Terror tactics used against GMOworkers

7 November 1997

Terror tactics used against GMOworkers

By Tony McDougal

SCIENTISTS working at the cutting edge of plant genetics in the UK are being plagued regularly by extremists opposed to biotechnology.

Michael Wilson, Scottish Crop Research Institute deputy director, said he had to check his post, and underneath his car, for incendiary devices every time the institute applied to conduct trials involving genetically modified organisms.

Speaking at an industry seminar at the Institute of Economic Affairs, Prof Wilson said the antagonism towards GMOs, coupled with inadequate labelling legislation from the EU Commission, was threatening to drive much of Europes fledgling biotechnology industry to North America.

Strike liaison

"I am afraid we will have to strike a liaison with large-scale releases taking place in America and small-scale releases in Europe," he said.

Gavin Cree, chairman of the Bioindustry Associations regulatory affairs advisory committee, said every small-scale GMO trial in Germany had been vandalised, and attacks had also taken place in Ireland.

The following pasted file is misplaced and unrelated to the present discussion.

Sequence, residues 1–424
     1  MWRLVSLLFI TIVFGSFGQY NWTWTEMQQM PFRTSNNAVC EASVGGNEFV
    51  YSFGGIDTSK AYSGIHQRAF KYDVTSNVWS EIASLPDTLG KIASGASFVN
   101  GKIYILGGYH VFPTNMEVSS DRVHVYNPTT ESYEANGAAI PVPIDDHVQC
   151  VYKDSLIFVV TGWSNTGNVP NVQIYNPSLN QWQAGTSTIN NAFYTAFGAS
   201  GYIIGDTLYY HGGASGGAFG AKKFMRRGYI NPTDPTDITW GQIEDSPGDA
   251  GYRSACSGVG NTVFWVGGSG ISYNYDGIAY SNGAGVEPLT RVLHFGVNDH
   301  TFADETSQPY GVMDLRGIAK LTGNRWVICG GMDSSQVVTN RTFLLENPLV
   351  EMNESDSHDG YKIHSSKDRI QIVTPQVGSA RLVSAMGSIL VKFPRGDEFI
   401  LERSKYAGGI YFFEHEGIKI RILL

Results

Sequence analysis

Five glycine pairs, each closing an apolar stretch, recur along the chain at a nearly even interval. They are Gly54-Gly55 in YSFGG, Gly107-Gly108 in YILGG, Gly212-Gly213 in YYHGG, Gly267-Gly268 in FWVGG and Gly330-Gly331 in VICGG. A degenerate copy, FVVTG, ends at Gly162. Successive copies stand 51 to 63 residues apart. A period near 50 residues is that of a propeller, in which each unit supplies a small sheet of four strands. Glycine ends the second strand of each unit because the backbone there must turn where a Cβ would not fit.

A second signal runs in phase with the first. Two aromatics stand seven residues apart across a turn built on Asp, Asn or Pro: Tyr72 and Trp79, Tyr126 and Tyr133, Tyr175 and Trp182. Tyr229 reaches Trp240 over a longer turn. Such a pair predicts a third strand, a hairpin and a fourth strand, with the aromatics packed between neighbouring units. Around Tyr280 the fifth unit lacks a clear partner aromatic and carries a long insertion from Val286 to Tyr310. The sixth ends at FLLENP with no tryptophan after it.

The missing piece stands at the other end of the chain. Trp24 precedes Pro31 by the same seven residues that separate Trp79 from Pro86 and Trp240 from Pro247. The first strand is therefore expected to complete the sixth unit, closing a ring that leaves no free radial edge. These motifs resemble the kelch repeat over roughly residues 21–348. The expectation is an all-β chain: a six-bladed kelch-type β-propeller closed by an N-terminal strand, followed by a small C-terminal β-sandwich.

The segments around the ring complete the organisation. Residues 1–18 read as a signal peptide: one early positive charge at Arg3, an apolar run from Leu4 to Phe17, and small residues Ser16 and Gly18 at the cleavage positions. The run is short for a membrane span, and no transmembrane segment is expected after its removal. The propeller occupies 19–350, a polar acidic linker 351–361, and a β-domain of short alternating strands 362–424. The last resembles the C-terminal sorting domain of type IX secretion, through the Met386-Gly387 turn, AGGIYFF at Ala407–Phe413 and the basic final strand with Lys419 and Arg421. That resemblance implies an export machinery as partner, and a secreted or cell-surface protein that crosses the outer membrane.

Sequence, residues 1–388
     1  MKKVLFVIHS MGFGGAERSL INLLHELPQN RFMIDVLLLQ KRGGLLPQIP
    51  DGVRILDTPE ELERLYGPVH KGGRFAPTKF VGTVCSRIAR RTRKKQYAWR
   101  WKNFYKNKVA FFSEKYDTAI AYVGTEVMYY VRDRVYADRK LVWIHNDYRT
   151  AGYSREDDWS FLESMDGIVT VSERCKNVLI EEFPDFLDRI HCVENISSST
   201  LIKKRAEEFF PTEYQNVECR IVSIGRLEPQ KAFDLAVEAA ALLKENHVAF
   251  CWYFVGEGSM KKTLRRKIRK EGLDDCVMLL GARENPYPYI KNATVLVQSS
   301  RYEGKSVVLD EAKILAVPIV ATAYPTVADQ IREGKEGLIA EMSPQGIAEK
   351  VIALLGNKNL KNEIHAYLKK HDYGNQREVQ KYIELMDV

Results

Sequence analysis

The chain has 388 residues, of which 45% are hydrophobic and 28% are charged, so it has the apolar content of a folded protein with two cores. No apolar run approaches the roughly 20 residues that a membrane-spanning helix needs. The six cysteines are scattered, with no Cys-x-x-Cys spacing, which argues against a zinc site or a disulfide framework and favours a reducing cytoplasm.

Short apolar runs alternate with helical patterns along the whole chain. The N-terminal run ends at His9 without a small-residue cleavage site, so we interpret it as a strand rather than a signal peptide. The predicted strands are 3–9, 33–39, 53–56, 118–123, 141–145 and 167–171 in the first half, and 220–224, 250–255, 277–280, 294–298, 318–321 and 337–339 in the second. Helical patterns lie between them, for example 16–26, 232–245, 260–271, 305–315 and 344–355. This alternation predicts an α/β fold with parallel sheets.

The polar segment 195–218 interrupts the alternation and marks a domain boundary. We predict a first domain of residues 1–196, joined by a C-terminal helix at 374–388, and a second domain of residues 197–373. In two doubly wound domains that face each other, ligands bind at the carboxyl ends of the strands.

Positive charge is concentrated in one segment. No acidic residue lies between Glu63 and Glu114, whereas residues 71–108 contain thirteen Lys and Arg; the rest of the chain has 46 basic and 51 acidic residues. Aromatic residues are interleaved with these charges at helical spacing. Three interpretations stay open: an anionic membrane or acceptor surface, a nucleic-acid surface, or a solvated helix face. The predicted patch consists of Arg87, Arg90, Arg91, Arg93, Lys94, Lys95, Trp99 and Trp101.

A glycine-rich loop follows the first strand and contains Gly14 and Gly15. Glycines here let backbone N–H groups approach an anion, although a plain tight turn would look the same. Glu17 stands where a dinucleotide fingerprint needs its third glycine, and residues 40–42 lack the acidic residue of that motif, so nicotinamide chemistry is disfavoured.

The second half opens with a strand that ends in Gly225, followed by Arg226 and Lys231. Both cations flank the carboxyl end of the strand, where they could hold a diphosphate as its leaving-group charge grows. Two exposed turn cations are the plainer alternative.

Julie Hill, Green Alliance programme adviser, argued that the vandalism had been exaggerated. But concerns over post-release monitoring of GMOs in the environment had not been adequately tackled. And the cultural differences between consumers in the UK and America had not been addressed, she said.

Ms Hill stressed there was no legal requirement in the UK for any post-monitoring of GMOs to be carried out, adding that it was time for the industry to establish a definitive policy on who would pay for the work.

Extensive monitoring

Colin Merritt, Monsanto technical manager, admitted that regulations did not specify what post-release monitoring should take place in Europe, but argued that the company carried out extensive monitoring – both in North America and more recently with Round Up Ready tolerant oilseed rape in France.

He admitted industry had faced problems in getting across its message that biotechnology could help feed three billion more people by 2025, improve crop quality while reducing inputs, and develop new crops as renewable resources.

Delegates concerned

Delegates also expressed concern that new EU labelling laws covering GM maize and soya, designed to provide the consumer with "clear, honest and neutral" information, would merely lead to the majority of the products carrying the label "may contain GMOs."

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